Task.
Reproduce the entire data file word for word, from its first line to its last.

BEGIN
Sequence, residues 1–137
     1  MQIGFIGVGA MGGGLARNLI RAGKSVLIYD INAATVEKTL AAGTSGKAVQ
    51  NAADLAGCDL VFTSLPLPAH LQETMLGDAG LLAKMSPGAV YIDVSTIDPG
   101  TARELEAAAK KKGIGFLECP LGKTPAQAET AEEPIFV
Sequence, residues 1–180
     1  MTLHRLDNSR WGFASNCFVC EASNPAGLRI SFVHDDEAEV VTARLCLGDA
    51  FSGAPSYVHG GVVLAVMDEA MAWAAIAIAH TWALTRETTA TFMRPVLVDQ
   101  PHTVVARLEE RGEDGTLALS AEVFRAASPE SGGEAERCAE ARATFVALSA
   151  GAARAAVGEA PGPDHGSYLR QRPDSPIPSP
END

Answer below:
Sequence, residues 1–137
     1  MQIGFIGVGA MGGGLARNLI RAGKSVLIYD INAATVEKTL AAGTSGKAVQ
    51  NAADLAGCDL VFTSLPLPAH LQETMLGDAG LLAKMSPGAV YIDVSTIDPG
   101  TARELEAAAK KKGIGFLECP LGKTPAQAET AEEPIFV
Sequence, residues 1–180
     1  MTLHRLDNSR WGFASNCFVC EASNPAGLRI SFVHDDEAEV VTARLCLGDA
    51  FSGAPSYVHG GVVLAVMDEA MAWAAIAIAH TWALTRETTA TFMRPVLVDQ
   101  PHTVVARLEE RGEDGTLALS AEVFRAASPE SGGEAERCAE ARATFVALSA
   151  GAARAAVGEA PGPDHGSYLR QRPDSPIPSP